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Re-writing Rodin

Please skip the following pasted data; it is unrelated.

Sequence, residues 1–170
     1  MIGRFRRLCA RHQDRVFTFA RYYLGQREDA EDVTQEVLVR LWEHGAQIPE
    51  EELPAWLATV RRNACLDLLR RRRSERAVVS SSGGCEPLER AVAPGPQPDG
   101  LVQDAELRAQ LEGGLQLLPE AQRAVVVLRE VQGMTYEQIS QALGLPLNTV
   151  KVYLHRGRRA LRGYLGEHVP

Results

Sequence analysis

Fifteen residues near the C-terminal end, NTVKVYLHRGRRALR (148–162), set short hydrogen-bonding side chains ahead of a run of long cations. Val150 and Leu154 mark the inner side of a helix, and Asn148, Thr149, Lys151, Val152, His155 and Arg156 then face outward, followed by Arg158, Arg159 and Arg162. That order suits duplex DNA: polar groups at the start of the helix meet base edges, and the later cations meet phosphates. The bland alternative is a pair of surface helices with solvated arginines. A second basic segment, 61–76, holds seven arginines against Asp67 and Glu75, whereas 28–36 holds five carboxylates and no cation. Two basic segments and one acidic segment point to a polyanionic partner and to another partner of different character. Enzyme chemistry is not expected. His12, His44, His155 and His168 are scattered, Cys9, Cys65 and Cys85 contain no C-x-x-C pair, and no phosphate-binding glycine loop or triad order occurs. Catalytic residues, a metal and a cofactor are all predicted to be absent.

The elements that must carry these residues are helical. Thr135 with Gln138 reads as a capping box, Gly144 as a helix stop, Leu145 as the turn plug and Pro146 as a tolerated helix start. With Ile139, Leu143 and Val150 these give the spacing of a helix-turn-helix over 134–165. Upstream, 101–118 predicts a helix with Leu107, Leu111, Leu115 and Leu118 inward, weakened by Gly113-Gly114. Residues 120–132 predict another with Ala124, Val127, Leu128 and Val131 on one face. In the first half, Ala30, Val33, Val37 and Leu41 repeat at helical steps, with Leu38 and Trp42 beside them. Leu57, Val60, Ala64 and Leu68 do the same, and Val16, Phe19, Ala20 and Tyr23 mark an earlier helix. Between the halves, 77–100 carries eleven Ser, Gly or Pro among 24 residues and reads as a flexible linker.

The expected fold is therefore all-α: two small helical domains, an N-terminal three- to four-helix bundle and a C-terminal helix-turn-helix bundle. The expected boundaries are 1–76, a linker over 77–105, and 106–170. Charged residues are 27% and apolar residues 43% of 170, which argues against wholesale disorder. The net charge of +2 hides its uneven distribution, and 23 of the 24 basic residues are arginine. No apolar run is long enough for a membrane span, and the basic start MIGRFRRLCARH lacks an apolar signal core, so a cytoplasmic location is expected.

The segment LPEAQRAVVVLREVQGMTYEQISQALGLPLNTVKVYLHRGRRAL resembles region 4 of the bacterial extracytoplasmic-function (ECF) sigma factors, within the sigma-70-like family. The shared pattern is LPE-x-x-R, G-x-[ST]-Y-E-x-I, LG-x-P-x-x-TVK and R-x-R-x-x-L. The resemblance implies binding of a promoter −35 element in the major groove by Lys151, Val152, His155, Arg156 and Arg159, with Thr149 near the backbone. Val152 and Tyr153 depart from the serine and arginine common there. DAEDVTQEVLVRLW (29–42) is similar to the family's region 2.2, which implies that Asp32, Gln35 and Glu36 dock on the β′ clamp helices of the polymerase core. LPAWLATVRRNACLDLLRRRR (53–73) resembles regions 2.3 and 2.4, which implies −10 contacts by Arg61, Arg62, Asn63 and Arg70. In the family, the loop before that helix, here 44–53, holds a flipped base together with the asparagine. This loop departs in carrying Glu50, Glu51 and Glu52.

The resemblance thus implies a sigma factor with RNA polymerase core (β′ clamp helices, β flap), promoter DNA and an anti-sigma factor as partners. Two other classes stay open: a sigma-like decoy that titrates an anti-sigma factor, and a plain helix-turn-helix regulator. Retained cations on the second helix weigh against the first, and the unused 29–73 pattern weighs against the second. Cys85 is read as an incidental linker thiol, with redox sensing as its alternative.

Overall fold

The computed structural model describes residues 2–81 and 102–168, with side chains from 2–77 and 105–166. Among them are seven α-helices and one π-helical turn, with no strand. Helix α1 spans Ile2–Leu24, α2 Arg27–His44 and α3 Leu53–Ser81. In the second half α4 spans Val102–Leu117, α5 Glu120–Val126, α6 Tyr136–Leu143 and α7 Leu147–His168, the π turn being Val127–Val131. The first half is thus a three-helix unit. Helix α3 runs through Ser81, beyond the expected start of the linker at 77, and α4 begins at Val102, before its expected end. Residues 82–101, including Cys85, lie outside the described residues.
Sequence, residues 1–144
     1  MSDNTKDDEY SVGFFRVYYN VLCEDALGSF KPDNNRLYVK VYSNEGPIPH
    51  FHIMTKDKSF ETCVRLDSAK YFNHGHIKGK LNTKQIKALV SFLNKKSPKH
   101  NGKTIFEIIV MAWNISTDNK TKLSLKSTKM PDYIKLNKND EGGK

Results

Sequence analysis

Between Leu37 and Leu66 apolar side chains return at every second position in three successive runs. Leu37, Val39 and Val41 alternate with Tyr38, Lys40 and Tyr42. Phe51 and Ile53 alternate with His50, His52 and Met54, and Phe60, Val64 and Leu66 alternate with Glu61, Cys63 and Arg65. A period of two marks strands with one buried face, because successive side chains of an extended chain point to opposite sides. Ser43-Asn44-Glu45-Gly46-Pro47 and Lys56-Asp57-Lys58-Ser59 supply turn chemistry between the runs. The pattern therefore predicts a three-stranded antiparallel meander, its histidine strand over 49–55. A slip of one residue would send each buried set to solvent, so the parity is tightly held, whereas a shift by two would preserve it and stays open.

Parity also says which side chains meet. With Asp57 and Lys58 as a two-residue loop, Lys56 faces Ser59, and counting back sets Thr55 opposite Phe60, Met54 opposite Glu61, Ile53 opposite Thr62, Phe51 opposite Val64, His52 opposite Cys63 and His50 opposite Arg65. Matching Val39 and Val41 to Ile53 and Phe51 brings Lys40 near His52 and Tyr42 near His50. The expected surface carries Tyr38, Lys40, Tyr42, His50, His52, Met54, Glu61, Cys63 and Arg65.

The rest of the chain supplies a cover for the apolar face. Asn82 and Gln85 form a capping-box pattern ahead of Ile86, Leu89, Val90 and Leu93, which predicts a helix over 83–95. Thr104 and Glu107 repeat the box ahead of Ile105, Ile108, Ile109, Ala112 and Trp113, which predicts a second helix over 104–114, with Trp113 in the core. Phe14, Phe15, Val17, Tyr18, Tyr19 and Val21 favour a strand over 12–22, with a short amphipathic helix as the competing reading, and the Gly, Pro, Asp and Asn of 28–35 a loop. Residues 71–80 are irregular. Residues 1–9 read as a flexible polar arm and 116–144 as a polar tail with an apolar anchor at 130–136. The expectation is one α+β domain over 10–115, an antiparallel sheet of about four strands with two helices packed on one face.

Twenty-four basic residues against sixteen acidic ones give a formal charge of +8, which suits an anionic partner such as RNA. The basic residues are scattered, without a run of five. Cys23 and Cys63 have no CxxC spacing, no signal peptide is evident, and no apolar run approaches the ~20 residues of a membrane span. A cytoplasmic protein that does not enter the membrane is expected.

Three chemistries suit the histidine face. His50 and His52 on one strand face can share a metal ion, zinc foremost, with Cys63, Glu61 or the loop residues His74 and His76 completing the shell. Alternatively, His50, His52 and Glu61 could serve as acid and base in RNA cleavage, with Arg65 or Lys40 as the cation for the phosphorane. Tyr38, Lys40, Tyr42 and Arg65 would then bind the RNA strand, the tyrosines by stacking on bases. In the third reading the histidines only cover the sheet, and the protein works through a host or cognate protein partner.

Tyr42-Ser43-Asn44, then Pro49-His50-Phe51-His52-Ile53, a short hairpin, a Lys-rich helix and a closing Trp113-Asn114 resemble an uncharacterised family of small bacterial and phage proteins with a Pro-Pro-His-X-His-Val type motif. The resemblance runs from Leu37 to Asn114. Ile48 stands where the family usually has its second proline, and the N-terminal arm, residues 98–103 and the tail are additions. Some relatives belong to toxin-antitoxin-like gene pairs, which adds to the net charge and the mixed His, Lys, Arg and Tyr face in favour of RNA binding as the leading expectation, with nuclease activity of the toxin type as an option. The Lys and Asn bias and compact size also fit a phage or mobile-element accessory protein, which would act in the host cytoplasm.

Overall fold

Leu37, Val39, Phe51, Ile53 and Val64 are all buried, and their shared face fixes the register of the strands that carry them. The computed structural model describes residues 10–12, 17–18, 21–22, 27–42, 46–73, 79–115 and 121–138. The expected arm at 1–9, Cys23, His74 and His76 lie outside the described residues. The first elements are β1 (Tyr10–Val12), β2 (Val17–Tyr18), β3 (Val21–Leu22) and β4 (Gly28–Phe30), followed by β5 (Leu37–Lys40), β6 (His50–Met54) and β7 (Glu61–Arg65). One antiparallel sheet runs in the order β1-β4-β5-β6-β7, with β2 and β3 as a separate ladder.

Auguste Rodin (1840-1917) crafted his image as carefully as his work. The great self-mythologiser cast himself as a solitary, brooding genius and liked to be photographed chipping away at marble figures with a chisel. The irony, of course, is that Rodin worked mainly in terracotta — other people handled the plaster work, the casting, patinating, chiselling and carving. In an exhibition at Tate Modern, Rodin’s radical brilliance is celebrated, but some of the myth dismantled. “It’s not a take-down,” says curator Nabila Abdel Nabi. “It’s a take-on. A take-on of a very complex artist. He was an entrepreneur and he used the new art of photography to build up and disseminate his work. But he also used it to act the part of the artistic genius. We’re trying to take a more considered approach to his working environment, to modulate that very male image. He needed other people to help bring his vision to life.” Those other people were very often women, such as his collaborator Camille Claudel, his beleaguered wife Rose Beuret, and the actress Hanako. “We’re very careful in the show to acknowledge the uneven dynamics between a white, male sculptor and the many women with whom he worked,” Abdel Nabi continues. “Claudel was an artist in her own right and worked with him for a very long time. But there was an imbalance of power and she was in a secondary position. We’re trying to insert her voice wherever we can.”


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